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Wreck of the Lamington

Footnotes to Long Island History

Wreck of the Lamington

by

Thomas R. Bayles


       It was on February 4,1896, that the British tramp steamer Lamington ran aground opposite Patchogue about two miles east of the Blue Point life saving station.

        The steamer ran on the outer bar at full speed at 8 o'clock Tuesday night, and her lights were seen by Jedediah Payne from the Blue Point station, who was on patrol about three miles east of the station. He hurried back to his station and notified Capt. Rourke, who telephoned to Capt. Baker of the Lone Hill station and to Capt. Kreamer at the Bellport station.

       A line was shot across the stranded sreamer's decks at 10 O'clock but no one hauled it in, so the life savers made a fire and remained on the beach all night.

        The following account of the rescue of the men from the steamer appeared in The Patchogue advance for February 7,1896.

       "At 7a.m the sailors on board the stranded steamer hauled aboard the heavy breaches buoy line, and by 9 o'clock James Brady, the one passenger aboard, was hauled ashore and he got a chilly bath in the breakers as he came scooting through them. The line was tightened and most of the sailors came off with dry jackets. A cat and dog were also brought to shore. On board were four little Spanish ponies consigned to New York, but it was impossible to rescue them and their bodies floated ashore a few days later. The sailors evidently enjoyed their novel trip to land as they skimmed through the air high and dry above the breakers, but the life crews were working hard to get all the men off before dark, and it was hard work pulling on a wet line all day with hardly anything to eat since the night before. The wind went down and the officers remained on board.

       The next morning the agents of the Merrit Wrecking Co, the Luckenbach Towing Co: and the Chapman Towing Co, were on the beach and by afternoon the wrecking companies had tugs at the scene of the wreck. The Luckenbach got a line aboard first and sent a boat crew aboard the steamer to fasten the lines for the kedge anchors. While at work there Wednesday night the gale came on again so suddenly the men could not be taken off. The terrific easterly storm piled the waves high on the beach and made the position of the steamer and the men on board extremely perilous. Later, word from the beach stated that the men who had been huddled on the bridge had taken to the masts and rigging as the sea was washing the decks and water pouring from every port hole. The men were all safely brought to shore by breaches buoy on Thursday morning.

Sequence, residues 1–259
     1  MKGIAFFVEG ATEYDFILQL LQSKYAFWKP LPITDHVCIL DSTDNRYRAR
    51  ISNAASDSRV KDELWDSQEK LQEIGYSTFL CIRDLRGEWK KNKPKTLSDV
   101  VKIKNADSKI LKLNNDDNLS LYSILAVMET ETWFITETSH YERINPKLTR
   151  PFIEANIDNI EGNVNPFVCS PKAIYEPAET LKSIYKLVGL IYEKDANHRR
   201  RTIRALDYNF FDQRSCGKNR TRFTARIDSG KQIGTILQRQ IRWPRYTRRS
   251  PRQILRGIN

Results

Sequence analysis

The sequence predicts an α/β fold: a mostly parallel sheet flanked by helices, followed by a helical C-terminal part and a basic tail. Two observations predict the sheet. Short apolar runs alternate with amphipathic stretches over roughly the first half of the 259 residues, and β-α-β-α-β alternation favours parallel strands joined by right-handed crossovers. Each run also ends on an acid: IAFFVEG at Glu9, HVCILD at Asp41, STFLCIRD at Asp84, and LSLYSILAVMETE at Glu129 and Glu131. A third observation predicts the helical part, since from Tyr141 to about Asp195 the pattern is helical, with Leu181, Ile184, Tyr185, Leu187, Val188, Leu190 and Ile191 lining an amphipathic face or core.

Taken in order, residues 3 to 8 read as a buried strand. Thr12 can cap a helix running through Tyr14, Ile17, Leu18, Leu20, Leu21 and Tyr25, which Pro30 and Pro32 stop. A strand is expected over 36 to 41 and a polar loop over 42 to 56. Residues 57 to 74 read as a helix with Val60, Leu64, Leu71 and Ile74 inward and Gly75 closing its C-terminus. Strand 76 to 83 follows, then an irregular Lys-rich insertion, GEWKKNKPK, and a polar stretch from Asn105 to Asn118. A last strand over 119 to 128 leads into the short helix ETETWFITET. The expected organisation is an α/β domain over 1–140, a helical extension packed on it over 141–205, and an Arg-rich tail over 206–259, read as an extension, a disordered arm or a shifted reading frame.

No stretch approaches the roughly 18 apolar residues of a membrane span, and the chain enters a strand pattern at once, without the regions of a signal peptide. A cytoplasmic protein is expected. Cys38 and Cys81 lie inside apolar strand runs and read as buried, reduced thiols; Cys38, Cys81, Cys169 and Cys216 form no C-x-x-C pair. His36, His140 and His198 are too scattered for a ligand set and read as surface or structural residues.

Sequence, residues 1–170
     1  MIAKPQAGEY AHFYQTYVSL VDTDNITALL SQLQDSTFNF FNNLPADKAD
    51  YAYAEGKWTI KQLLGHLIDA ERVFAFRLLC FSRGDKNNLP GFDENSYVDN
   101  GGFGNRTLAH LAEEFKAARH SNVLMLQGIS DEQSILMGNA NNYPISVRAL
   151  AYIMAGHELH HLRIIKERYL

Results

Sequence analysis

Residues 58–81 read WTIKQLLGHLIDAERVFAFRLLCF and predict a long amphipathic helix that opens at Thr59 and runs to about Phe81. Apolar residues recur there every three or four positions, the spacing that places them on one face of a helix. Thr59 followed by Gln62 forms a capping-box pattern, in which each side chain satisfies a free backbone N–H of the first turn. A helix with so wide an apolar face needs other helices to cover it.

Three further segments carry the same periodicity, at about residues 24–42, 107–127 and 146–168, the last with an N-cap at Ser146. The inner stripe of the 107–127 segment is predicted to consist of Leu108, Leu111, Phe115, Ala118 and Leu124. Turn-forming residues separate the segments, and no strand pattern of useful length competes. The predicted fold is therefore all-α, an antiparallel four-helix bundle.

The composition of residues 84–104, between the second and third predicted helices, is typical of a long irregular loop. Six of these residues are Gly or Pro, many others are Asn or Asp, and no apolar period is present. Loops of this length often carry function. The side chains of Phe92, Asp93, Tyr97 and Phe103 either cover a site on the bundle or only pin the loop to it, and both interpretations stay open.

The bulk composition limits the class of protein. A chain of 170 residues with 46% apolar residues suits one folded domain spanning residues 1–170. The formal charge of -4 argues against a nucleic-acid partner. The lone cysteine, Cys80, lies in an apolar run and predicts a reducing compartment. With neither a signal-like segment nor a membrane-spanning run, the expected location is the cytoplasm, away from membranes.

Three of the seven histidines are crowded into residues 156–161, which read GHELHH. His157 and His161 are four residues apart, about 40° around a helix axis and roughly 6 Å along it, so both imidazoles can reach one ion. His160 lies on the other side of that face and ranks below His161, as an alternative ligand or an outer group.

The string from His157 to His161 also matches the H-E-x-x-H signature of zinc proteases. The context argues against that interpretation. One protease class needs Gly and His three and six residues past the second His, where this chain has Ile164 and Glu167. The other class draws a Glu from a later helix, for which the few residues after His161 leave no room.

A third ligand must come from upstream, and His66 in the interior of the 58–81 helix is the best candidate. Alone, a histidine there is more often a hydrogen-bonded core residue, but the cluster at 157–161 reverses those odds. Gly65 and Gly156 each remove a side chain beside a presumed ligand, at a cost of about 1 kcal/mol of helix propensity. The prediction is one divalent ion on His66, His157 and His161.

"Thirty sail boats sailed over to the beach on Wednesday to see the wreck and some of the Patchogue parties did not get home until midnight, and some lost their bearings entirely and fetched up at Blue Point, Bayport, and on the mud flats off Sayville, and did not get home until morning."

 The cargo of the Lamington consisted of 1,900 tons of currents, 928 cases of oranges and 200 cases of onions (currents must have been plentiful along the shore for some time)

       The Lamington was a schooner rigged screw vessel 274 feet in length bound for Valencia to New York and was valued at $500,000.and her cargo at $100,000.

       Twenty years before this the Great Western a steamer loaded with oranges went ashore near the same spot and a fruit dealer purchased the cargo for $1,500.profit of $10,000.Oranges were cheap in Patchogue for a new weeks.

       The Advance carried the following item on February 28,1896.

        "The streamer Lamington was floated at 2 o'clock Wednesday morning by the Merritt wrecking Company and towed to New York. She leaked slightly and considerable sand has clogged her machinery. Her rudder frame are gone and most of her bulwarks. It is said that part of her cargo of currents are in good condition."

 

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